Wisconsin Criminal Damage to Property

Madison, WI

(608) 204-5807

Criminal Damage to Property Defense Attorneys in Madison, WI

Criminal Damage to Property: Understanding Penalties and Defense Strategies in Wisconsin

Criminal damage to property is classified as a significant property crime within Wisconsin, subject to a spectrum of penalties that vary in severity. This offense can escalate to being charged as a domestic violence crime, depending on the specific details of the incident. The classification of the charge, whether as a misdemeanor or a felony, hinges on the unique circumstances and facts of each case. Notably, an experienced and assertive criminal defense lawyer may successfully negotiate for the charge to be reduced to a forfeiture, thereby eliminating the possibility of criminal consequences.

Defined under Wisconsin Statute 943.01, criminal damage to property entails intentionally inflicting damage to someone else’s physical property without the owner’s permission. The act of causing such damage, whether minor or substantial, can lead to serious legal repercussions if convicted.

Given the complexity of these charges and the potential for significant impacts on your future, it’s crucial to seek skilled legal representation. DK Anderson, S.C., specializes in aggressive defense tactics that can effectively challenge the allegations against you, aiming for the most favorable outcome. Our expertise encompasses a broad range of scenarios, including those that could potentially be charged under domestic violence statutes. Contact us to safeguard your rights and navigate the complexities of Wisconsin’s legal system.

Criminal Damage to Property Attorneys in Madison, WI

The defense attorneys at DK Anderson, S.C. have represented many individuals charge with damaging property across Southern Wisconsin. Our attorneys know the courts and the law. We can help guide you through the process and defend against these charges. Contact us today for a free consultation.

Criminal Damage to Property Charge Attorneys in Wisconsin

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What the State must prove to convict you of Criminal Damage to Property

The state must prove beyond a reasonable doubt all of the  elements of the crime charged. They must prove that you: 

  1. Caused damage to physical property;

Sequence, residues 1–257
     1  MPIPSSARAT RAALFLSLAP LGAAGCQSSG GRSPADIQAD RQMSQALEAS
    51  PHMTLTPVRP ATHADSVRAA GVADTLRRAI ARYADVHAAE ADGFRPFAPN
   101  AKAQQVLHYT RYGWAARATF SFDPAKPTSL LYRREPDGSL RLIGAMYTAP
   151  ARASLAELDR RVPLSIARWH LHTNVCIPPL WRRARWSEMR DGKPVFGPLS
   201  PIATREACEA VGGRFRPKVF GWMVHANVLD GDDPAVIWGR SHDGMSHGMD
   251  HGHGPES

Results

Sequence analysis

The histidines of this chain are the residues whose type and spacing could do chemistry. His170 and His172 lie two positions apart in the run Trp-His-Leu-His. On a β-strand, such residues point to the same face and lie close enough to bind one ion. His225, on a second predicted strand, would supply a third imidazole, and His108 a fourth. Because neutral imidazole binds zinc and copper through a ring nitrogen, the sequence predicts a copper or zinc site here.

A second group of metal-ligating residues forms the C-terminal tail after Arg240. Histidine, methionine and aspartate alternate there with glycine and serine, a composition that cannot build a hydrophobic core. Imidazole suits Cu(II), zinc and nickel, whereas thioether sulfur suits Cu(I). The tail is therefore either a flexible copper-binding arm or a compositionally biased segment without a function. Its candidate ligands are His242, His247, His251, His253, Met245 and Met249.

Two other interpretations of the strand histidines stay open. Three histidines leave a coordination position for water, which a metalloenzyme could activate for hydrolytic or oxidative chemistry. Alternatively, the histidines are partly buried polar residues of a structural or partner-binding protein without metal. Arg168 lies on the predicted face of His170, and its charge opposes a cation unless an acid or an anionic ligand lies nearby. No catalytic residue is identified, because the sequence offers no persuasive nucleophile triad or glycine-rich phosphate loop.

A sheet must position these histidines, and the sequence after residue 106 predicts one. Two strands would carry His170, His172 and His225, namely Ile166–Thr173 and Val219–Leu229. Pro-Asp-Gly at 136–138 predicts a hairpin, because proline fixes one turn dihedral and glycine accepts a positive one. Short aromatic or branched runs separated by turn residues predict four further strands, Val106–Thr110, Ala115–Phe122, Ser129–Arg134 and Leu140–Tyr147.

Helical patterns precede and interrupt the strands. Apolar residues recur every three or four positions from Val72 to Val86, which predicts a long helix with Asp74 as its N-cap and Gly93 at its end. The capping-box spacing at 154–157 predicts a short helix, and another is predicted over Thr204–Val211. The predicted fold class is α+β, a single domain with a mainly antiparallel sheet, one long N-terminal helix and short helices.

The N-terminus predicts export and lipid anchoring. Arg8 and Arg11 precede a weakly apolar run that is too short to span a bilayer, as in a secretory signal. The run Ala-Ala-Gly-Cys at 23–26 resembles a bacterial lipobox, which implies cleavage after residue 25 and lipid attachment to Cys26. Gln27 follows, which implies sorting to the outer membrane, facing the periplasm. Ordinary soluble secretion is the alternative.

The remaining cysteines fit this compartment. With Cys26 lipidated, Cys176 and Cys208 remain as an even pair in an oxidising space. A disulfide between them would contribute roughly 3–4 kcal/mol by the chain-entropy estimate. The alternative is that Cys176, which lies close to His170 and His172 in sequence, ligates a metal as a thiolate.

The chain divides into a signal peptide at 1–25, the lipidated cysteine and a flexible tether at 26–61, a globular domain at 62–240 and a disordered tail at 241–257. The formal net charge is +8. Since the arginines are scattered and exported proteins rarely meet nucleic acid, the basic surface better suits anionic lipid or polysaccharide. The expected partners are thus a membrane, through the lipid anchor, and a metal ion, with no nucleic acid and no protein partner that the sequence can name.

2. Intentionally caused that damage;
  3. The property damaged belonged to another person;
  4. Caused the damage without the consent of the owner of the property; and
  5. Knew the property in question belonged to another person and that person did not consent to the damage.

Damage includes anything from defacement to total destruction. In order to “intentionally” damage the property you must have had the mental purpose to damage the property. Or alternatively if you were aware that your conduct was practically certain to cause that result.

Felony Criminal Damage to Property

A felony can be charged if the damage to the property results in a loss of value more than $2,500. Additionally, if any of the following facts or circumstances are alleged a felony may be charged:

  1. Damage to a vehicle or highway and is of a kind which is likely to cause injury to a person or further property damage;
  2. Property belonging to a public utility or common carrier and the damage is of the kind which is likely to impair the services of the public utility or common carrier;
  3. Property belonging to a person who is, or was, a juror and the damage was caused because of any verdict or indictment which the owner was involved in deciding;
  4. The property is on certain state-owned land and is listed on a registry;
  5. The property is “rock art” on the national register of historic places in Wisconsin; or
  6. Property is plant material used in research.

A felony criminal damage to property will also be charged if in an attempt to steal money from a machine that is operated by coin, currency, or credit or debit card that machine is damaged.

Looking to speak with a Criminal Defense Attorney?
Contact DK Anderson, S.C. today for a free consultation.

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A conviction for a domestic violence charge in Wisconsin has additional consequences.

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Wisconsin property crimes include theft, forgery, and criminal damage to property.

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